My laptop is equipped with a Core i7 processor with 4 cores that can execute in parallel 8 processes. My R-Project computations use only one single core, if I use the default instructions. I have ended up by thinking that it is a pity that other cores are just sitting idle (sort of), instead of contributing to the speed of my computations, even if I do not run yet really heavy ones in my research. As a consequence, I have started to look for an easy way to use all cores in R-project. And, indeed, there is an easy solution to this problem. It uses the

**doMC**library, and the instructions**foreach**and**%dopar%**.
For example, for computing linear models with different dependent variables and a given set of exogenous ones, one can do the following computations:

library(doMC) # There are other parallel computing libraries

registerDoMC() # You mud register one of them for foreach

getDoParWorkers() # Indicates you how many cores have been detected by registerDoMC()

Suppose that you have a dataset called mydata, containing the dependent variables y1, y2, y3, and the independent variables, x1,x2,x3.

We can execute in parallel the estimation of linear models of each y on the set of independent variables, by executing the following code:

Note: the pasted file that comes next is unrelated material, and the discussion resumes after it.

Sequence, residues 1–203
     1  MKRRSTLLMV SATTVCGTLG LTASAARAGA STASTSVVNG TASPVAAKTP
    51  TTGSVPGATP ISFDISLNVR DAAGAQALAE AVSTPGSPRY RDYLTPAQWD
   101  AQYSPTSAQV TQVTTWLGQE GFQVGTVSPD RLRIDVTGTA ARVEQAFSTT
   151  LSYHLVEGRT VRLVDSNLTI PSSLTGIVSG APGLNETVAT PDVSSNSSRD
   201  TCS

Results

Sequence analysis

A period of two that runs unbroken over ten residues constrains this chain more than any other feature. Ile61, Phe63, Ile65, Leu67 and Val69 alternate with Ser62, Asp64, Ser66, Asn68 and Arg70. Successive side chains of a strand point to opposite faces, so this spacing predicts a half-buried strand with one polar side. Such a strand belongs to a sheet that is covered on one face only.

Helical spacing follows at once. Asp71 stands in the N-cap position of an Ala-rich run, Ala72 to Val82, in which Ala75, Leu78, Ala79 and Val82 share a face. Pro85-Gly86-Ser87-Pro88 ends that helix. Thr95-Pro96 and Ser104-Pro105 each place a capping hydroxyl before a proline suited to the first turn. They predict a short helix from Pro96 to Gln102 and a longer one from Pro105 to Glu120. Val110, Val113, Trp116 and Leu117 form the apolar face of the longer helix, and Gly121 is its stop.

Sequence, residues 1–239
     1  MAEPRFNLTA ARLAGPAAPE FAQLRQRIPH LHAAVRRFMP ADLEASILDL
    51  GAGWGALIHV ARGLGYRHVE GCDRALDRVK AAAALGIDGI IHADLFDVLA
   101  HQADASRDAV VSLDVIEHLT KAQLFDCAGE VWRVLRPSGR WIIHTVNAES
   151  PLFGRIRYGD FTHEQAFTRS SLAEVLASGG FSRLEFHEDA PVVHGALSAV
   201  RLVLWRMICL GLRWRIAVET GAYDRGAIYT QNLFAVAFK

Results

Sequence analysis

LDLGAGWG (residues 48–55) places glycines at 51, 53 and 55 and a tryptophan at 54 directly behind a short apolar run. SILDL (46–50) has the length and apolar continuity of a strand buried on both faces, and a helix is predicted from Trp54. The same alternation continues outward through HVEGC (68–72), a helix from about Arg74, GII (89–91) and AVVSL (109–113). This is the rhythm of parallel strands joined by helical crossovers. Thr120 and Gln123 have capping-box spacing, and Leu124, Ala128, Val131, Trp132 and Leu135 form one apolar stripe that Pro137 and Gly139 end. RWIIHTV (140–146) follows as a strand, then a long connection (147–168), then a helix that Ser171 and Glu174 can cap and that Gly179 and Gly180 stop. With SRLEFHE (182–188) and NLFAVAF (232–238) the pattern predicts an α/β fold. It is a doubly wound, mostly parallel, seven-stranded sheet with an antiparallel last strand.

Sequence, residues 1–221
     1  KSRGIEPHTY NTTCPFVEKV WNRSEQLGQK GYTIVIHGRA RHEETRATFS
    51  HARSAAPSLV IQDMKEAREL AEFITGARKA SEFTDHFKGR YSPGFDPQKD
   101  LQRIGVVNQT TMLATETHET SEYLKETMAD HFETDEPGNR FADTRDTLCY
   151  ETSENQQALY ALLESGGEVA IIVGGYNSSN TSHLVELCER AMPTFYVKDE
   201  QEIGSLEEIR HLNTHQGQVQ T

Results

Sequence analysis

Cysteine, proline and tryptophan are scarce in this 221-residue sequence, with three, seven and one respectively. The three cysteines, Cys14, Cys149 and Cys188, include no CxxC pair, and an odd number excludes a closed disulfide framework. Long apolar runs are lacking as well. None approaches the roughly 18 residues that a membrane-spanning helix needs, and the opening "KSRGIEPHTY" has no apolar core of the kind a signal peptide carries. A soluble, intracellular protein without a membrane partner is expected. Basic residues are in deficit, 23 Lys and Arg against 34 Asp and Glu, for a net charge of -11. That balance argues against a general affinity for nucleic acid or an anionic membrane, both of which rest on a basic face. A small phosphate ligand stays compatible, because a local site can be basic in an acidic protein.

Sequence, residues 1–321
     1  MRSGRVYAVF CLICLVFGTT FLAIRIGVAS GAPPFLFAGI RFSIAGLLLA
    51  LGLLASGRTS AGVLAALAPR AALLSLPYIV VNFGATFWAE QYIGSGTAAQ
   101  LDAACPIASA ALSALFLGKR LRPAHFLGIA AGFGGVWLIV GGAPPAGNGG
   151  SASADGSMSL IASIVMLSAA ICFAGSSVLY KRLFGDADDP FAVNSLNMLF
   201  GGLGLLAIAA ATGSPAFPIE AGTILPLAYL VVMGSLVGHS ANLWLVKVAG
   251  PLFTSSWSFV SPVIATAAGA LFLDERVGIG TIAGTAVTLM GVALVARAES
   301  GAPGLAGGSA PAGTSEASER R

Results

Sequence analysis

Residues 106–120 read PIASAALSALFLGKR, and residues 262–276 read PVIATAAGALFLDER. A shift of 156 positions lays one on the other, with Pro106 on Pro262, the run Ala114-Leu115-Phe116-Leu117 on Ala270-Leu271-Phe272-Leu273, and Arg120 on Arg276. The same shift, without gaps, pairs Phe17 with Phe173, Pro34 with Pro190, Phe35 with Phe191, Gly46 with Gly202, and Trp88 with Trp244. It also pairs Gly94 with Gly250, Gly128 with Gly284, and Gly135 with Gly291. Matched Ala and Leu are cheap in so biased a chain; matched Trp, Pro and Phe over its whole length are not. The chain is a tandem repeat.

myVariableList <- c("y1", "y2", "y3")

results <-

**foreach**(i = 1:length(myVariableList),.errorhandling="stop",.inorder=TRUE)**%**

**dopar%**{

model <- lm(as.formula(paste(myVariableList[i],"~x1+x2+x3")),data=mydata)

return(model)

}

**%dopar%**executes these estimations on different cores, in parallel and a list of the estimated models is saved in the variable results.

We can now look at the characteristics of the estimated models, by printing them successively on the output of R:

for (i in 1:length(results)) { print(summary(results[[i]])) }

Voilà!

Of course, this possibility is especially useful for more complex computations, like stepwise regressions with many independent variables, that can take some time, or regression trees with big datasets, etc.

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